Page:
jerryking + historians + wwi   7

Canada beware: We are suffering a great depression in commodity prices - The Globe and Mail
MICHAEL BLISS
Special to The Globe and Mail
Published Friday, Jan. 15, 2016

The Great Depression of the 1930s used to be understood as a worldwide structural crisis that was partly an adjustment to the great expansion of crop acreage and other primary industries undertaken to meet the demands of the First World War. Unfortunately the history of those years now tends to be viewed through the distorting lenses of economists fixated on monetary policy and financial crisis management.

They thought that the crisis of 2008 might become a replay of the 1930s. For the most part they have not realized that it is today’s global depression in commodity prices that has eerie echoes of the great crack-up. If it’s true that we have overexpanded our productive capacity to meet the demands of Chinese growth, and if that growth is now going to slow, or even cease, then history is worrisomely on the verge of repeating itself....One sign of the beginning of wisdom is to be able to shed illusions. Make no mistake. Right now, the world is experiencing a great depression in commodity prices, led by the collapse of oil, that represents an enormous shrinkage in the valuation of our wealth. As a country whose wealth is still highly dependent on the returns we can get from selling our natural resources, Canada is very vulnerable. In a time of price depression, our wealth bleeds away.
'30s  adjustments  commodities  commodities_supercycle  economic_downturn  Great_Depression  historians  history  illusions  Michael_Bliss  natural_resources  overcapacity  pricing  overexpansion  slow_growth  wisdom  WWI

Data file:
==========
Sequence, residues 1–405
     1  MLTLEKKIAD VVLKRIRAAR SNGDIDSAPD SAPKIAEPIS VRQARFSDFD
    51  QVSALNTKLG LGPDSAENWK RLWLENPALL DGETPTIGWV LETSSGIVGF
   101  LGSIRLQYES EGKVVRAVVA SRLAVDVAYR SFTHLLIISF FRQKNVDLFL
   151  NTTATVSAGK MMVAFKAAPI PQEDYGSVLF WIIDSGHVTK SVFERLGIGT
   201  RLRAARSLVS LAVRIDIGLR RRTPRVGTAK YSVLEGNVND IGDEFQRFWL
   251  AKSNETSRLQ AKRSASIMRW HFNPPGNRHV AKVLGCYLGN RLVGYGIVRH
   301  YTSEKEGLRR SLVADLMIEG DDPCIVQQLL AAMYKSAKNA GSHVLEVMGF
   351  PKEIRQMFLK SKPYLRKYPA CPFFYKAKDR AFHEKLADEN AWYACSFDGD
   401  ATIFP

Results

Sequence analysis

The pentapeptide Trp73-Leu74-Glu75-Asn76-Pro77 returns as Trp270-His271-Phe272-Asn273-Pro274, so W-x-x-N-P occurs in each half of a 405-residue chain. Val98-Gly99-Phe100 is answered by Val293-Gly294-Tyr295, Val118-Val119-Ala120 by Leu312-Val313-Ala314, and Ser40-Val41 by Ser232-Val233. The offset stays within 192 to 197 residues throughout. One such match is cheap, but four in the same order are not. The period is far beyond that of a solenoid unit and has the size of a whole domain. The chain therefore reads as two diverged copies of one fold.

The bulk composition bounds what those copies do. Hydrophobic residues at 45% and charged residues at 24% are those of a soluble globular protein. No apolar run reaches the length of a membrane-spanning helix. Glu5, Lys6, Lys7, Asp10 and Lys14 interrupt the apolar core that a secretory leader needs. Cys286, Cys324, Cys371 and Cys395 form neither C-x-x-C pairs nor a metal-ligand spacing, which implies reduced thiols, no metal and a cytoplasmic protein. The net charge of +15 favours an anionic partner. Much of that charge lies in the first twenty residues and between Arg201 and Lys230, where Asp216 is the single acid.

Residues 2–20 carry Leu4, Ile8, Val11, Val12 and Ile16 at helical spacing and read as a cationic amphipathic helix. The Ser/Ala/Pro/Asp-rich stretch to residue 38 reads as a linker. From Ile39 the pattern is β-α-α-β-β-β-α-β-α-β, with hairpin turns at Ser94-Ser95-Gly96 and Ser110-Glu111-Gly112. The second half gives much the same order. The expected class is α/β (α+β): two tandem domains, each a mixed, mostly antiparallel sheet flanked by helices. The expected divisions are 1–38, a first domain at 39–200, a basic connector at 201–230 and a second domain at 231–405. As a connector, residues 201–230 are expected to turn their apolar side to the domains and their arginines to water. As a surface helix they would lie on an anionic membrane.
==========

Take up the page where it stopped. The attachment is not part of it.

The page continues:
january 2016 by jerryking
Going the distance to chronicle Canada’s necessary war - The Globe and Mail
MARK MEDLEY
The Globe and Mail
Published Tuesday, Sep. 23 2014

Tim Cook’s career arc as one of the country’s foremost popular historians is similarly shaped: He built his name writing about the First World War (At the Sharp End and Shock Troops, winner of the RBC Taylor Prize, are essential reading), but in recent years he has shifted focus elsewhere. “There’s not a lot left that I can write about the First World War,” he says. His latest book, The Necessary War, is the first in a two-volume series chronicling Canada’s role in the Second World War, which began 75 years ago this month.
historians  history  WWI  WWII  Canada  Canadian  books 
september 2014 by jerryking
Margaret MacMillan in Sarajevo, 100 years later - The Globe and Mail
MARGARET MACMILLAN
SARAJEVO — Special to The Globe and Mail
Published Friday, Jun. 27 2014
Margaret_MacMillan  WWI  history  historians  Sarajevo 
july 2014 by jerryking
For Canada, a victory worth remembrance -
Nov. 11 2013 | The Globe and Mail | J.L. Granatstein.

One great Canadian campaign, however, remains all but unknown. The Hundred Days, that short period running from Aug. 8, 1918, to the armistice on Nov. 11, saw the Canadian Corps score victory after victory against the toughest German defences on the Western Front. The Hundred Days was unquestionably the most decisive campaign ever fought by Canadian troops in battle, and if we remember the losses and pain on Remembrance Day, we should also remember the Canadian triumphs that dramatically shortened the First World War.
nation_building  history  WWI  Canadian  Canada  memorials  commemoration  J.L._Granatstein  veterans  soldiers  WWII  war  historians  Armistice  militaries 
november 2013 by jerryking
Historian Margaret MacMillan on what the ‘war to end wars’ can teach us -
Sep. 07 2013 | The Globe and Mail | Sandra Martin.
Her new book, The War that Ended Peace: The Road to 1914, will be out this fall – in anticipation of the 100th anniversary of the war next August.

Why are we still haunted by the First World War?

Because we still don’t know what to make of it. We’re still horrified by the loss, by the sense that it may have all been a mistake, by the sheer waste, and by what happened afterward. Nothing much was settled, it helped to brutalize European society, to breed ideologies like fascism and Bolshevism, to prepare the way for the horrors that came in the 1920s and 1930s and the Second World War. It’s also a war that created the modern world. It had its greatest impact on Europe, of course, but it shaped Canada and Australia, helped to speed the rise of the United States to superpower status, and redrew the map of much of the world. It was a watershed that remains one of the greatest historical puzzles.
history  historians  WWI  root_cause  Margaret_MacMillan  Syria  books  '30s  WWII  turning_points 
september 2013 by jerryking

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